Ms. ZIMMERMAN: The moment he comes back to France after first being in Japan he starts to design a garden for his hometown and this becomes a sort of obsessive project for him. And even though this sort of relationship, sort of imagined relationship, with the woman ends catastrophically, in the end, he builds this garden which has a permanence.
LIFSON: He could barely touch the woman in Japan. He could not read her love note, but the fantasy becomes a reality for Joncour. And this is what attracted Mary Zimmerman to "Silk" in the first place.
Ms. ZIMMERMAN: I sort of feel like I know that life really, really well. I feel that I know what it is to look like you're having a particular life but actually be having another, and I'm someone who's lived in my head my whole life, and I actually think people in the theater, in general, have a kind of double life in a very practical way. You know, you'll go to a play and see someone playing King Lear and then you'll see them getting on the L afterwards.
LIFSON: "Silk" has a great surprise ending which we will not give away. Local theater critics were divided on this production. Here's Michael Phillips of the Chicago Tribune.
Mr. MICHAEL PHILLIPS (Chicago Tribune): Well, I was a little disappointed. It's as beautiful as any of Mary Zimmerman's productions are, but I'd say it was--slightly static theatrical experience, I thought. Yeah, I associate Zimmerman's work, her best work, I think, with a more abstract and magical kind of scenic effect in that she'll create whole worlds and universes with just, you know, a simple prop or two or a handkerchief or something. Here when we go to Japan, we're getting a big, somewhat realistic depiction of a mountaintop nobleman's home. And it's a different kind of spectacle and maybe a less truly inventive kind of spectacle than I'm used to seeing in a Zimmerman production.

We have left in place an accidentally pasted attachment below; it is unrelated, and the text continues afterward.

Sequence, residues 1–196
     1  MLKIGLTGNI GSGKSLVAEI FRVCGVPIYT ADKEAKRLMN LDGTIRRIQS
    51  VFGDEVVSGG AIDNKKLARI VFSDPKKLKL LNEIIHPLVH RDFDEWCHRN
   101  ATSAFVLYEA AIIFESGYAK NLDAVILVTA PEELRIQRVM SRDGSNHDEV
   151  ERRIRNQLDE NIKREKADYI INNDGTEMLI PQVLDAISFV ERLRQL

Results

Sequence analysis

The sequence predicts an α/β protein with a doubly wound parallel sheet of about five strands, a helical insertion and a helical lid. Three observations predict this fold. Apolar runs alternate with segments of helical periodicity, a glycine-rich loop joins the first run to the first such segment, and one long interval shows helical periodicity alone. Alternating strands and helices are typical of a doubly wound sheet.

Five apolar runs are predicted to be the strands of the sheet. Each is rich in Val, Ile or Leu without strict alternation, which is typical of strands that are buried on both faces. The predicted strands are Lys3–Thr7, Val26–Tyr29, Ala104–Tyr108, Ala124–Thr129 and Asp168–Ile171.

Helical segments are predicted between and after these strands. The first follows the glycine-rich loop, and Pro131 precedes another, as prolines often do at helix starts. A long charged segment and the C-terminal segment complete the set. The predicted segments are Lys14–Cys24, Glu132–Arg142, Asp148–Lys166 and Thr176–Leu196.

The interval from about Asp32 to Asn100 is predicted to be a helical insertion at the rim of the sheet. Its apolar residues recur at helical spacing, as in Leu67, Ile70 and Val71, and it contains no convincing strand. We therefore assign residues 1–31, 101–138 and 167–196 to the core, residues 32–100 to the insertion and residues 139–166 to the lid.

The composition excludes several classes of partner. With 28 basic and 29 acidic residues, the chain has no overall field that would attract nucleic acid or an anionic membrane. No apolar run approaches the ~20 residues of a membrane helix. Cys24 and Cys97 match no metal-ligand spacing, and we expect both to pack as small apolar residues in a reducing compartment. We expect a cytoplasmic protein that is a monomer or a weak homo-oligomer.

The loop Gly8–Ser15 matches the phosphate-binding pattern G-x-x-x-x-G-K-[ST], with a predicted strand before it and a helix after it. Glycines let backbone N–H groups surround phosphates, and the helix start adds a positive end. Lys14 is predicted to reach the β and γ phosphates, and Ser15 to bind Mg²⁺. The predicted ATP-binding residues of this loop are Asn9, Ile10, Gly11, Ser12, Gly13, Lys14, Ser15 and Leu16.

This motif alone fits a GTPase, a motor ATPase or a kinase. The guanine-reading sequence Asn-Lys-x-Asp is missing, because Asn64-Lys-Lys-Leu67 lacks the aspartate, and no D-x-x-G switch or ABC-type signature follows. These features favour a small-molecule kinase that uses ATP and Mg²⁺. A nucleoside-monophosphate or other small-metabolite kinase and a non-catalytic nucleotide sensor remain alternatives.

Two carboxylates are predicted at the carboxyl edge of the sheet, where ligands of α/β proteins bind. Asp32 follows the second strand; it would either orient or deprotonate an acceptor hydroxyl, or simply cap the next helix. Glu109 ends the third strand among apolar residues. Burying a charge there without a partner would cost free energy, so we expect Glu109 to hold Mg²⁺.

LIFSON: Theater critic Hedy Weiss of the Chicago Sun-Times loved the play and the direction. She says it compares well to the director's other productions such as "Arabian Knights" and "The Notebooks of Leonardo Da Vinci."
Ms. HEDY WEISS (Chicago Sun-Times): There is something about the way she can manipulate time and the way she can create a kind of visual poetry that just holds you from beginning to end. I think it's really her trademark and it's obvious in this piece.
LIFSON: To research "Silk," Mary Zimmerman traveled to Japan. She searched for an answer to: Which life is more real, the life people think we're living or the fantasy life we live in our head?
Ms. ZIMMERMAN: I think you make an endless figure eight between those two. There's a poem by Roomey(ph) that says we have two shops and we spend our lives running between them, and one of the shops is the shop of our everyday existence and the other is our heart and our internal life and our desires, the way we feel from the inside that's sort of secret.
LIFSON: You may get a chance to see "Silk" outside of Chicago. Here it runs through June 5th at the Goodman Theatre, but as with Mary Zimmerman's other recent works, regional theaters are next. And Broadway producers say they're interested, though that could be real or it could be fantasy.
For NPR News, I'm Edward Lifson in Chicago.
MONTAGNE: This is MORNING EDITION from NPR News. I'm Renee Montagne.
STEVE INSKEEP (Host): And I'm Steve Inskeep.